The pronouncement made by the Inspector General of Police through a press release to restrict vehicular movement on election day does not in any sense falls within the scope of Statutory or Constitutional Instruments, as prescribed by the Constitutional and Statutory Instrument Act, 1999. Therefore, it has no force of law, and they lack the authority to enforce any sanction or punishment on any citizen for the breach of such notice.13

The Court went on further to explain why the Inspector General of Police had no authority to restrict vehicular movement on that day. It held that the notice made no reference to any delegation that was conferred upon it by the President, who, through the 1991 Constitution can delegate such to any person subject to the qualifications and conditions that he may set out;14 and in order for such delegation to take effect, it should be notified in the gazette.15

It’s trite, that apart from amendments or repeals, one of the ways such a fundamental human right, alongside the others could be inhibited by the Government is through the declaration of a state of public emergency,16 and it’s duly guided by both municipal and international law.17 Whereby, other than Parliament, the President can confer on another person the power to make regulations, but only during a period of a state of public emergency. Referenced

9 Section 15 of the 1991 Constitution Act No. 6
10 Section 28 & 27 of the 1991 Constitution Act No. 6
11 Section 18 of the 1991 Constitution Act No.6
12 Section 171(15) of the 1991 Constitution Act No. 6
13 Augustine Sorie-Sengbe Marrah v Inspector General of Police (SC APP 8 of 2018) [2022], Para 37 14 Section 53(1) of the 1991 Constitution Act No. 6
15 Augustine Sorie-Sengbe Marrah v Inspector General of Police (SC APP 8 of 2018) [2022], Para 40 16 Section 29 of the 1991 Constitution Act No. 6
17 Article 46, Vienna Convention on the Law of Treaties (1969)

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examples were The Imposition of Curfew Order, 2020 – C.I. No. 12 of 2020, which was done by Dr. Priscilla Schwartz, Attorney General and Minister of Justice at that time.18

Restricting the movement of citizens on Elections Day amounts to the suppression of voters,19 and violates a right that is guaranteed in the 1991 Constitution, which thus provides that every citizen of Sierra Leone being eighteen years and above and of sound mind shall have the right to vote at an election or any public referenda.20

The said public notice by the Inspector General of Police contravenes section 18 of the 1991 Constitution, which makes provision for Freedom of Movement. In that vein, it was seen that the Inspector General of Police was attempting to amend the said section, and as a result, he was thereby usurping the legislative function of Parliament;21 which in itself is a contravention of the Constitution and such an act carries a graver charge and accusation which is tantamount to treason, as Parliament is conferred with the supreme legislative authority.22

Summarily, the Court held that if the Police want to restrict the movement of citizens on Elections Day, it should be done through an Act of Parliament, a Statutory Instrument, or a Constitutional Instrument as the Constitution therein provides.

4 The State of Sierra Leone’s Obligation to uphold human rights at all times:

As Sierra Leone approaches its upcoming elections, it is crucial to emphasize the significance of upholding the right to freedom of movement and other fundamental human rights. The Government of Sierra Leone has an obligation to respect, protect, and fulfill these rights, as enshrined in numerous international human rights treaties and covenants to which the country is a party.23 The right to freedom of movement is a fundamental human right that grants individuals the freedom to travel and reside, and it is an integral part of democratic societies, enabling citizens to exercise their civil and political rights effectively. The Government of Sierra Leone must guarantee this right for all its citizens, including during the electoral process, as it is an obligation owed under international law. By ratifying those international human rights instruments, Sierra Leone has committed itself to uphold these rights during all circumstances,24 including elections; and by respecting and upholding freedom of movement, and other fundamental human rights, the Government and the Sierra Leone Police can contribute to a conducive environment for citizens to cast their votes without unnecessary restrictions.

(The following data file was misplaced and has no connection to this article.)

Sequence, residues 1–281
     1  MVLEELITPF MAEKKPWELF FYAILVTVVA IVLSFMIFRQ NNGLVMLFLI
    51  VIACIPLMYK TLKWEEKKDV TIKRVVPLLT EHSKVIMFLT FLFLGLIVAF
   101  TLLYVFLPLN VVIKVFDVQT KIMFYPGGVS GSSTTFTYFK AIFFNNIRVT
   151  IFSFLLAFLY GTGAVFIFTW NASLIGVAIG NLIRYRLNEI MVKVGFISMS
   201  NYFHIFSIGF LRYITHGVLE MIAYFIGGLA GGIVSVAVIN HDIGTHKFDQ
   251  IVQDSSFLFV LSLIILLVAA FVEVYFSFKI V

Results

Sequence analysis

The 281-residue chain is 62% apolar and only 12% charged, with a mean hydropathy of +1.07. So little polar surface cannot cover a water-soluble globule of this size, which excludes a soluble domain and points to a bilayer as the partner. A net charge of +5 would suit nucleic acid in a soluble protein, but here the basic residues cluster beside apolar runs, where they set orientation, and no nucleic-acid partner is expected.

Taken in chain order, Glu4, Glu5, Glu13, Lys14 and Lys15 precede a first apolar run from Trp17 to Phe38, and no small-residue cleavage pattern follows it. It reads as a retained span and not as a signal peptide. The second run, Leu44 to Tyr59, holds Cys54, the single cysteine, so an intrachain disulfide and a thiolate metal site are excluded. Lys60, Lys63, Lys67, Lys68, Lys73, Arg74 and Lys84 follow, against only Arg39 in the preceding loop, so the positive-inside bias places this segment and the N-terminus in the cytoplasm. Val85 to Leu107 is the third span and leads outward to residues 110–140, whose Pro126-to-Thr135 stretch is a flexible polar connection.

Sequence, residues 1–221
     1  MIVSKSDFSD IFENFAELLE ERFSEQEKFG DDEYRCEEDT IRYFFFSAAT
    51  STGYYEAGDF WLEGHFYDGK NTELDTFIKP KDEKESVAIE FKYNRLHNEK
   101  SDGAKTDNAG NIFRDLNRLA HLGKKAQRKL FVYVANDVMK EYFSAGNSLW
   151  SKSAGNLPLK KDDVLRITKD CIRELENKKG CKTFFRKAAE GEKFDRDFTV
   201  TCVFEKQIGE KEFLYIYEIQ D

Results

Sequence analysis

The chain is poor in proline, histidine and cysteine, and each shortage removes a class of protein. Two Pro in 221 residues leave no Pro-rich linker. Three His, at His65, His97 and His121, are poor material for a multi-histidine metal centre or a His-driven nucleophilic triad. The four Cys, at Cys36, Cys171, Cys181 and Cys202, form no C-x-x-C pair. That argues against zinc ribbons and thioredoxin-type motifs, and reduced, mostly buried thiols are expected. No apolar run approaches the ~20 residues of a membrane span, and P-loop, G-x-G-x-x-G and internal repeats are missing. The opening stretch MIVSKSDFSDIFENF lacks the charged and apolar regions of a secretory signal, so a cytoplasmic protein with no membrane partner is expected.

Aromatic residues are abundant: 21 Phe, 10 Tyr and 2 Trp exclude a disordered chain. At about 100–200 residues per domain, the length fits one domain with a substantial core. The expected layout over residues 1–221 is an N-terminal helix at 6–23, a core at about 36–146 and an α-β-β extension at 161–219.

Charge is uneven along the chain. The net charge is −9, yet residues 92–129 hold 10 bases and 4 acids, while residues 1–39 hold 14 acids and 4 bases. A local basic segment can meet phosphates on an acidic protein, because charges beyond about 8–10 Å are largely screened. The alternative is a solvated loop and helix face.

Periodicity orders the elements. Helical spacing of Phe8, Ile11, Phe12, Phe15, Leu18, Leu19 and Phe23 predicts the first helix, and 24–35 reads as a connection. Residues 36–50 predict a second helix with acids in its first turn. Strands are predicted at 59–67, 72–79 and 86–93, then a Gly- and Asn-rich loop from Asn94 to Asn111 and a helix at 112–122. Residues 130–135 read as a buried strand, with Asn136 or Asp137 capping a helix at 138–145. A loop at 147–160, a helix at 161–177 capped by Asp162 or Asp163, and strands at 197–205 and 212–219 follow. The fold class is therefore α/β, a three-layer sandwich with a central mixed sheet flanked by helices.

18 Augustine Sorie-Sengbe Marrah v Inspector General of Police (SC APP 8 of 2018) [2022], Para 43 19 Ibid, Para 47
20 Section 31 of the 1991 Constitution Act No. 6
21 Section 105 of the 1991 Constitution Act No. 6

22 Section 108 of the 1991 Constitution Act No. 6
23 Article 26 Vienna Convention on the Law of Treaties (1969) 24 Section 40(4) of the 1991 Constitution Act No. 6

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Freedom of Movement on Election Day, Upholding Constitutional Rights

5 Conclusion:

Supreme Court decisions play a vital role in shaping the jurisprudence of a nation, providing legal clarity, consistency, and guidance. In Sierra Leone, it is crucial to emphasize the significance of upholding Supreme Court decisions as a legitimate source of law. Doing so contributes to the development of a robust legal framework, enhances the rule of law, and strengthens the country’s judicial system. The Supreme Court is the highest judicial authority in Sierra Leone. Its decisions carry significant weight and serve as binding precedents for lower courts and future cases.25 Upholding these decisions is essential for maintaining legal certainty, ensuring uniform application of the law, and fostering a just and predictable legal environment. The rule of law forms the cornerstone of a democratic society. By upholding Supreme Court decisions, Sierra Leone demonstrates its commitment to the rule of law, where legal decisions are respected and implemented. This will promote stability, fairness, and equality before the law, contributing to the overall development and progress of the nation. Also, upholding such a decision will help build a comprehensive body of jurisprudence in Sierra Leone. Over time, a robust jurisprudence enhances legal predictability, promotes consistency in judicial outcomes, and fosters a progressive legal system. These decisions allow legal practitioners, scholars, and citizens to rely on established legal principles when seeking justice or providing legal guidance.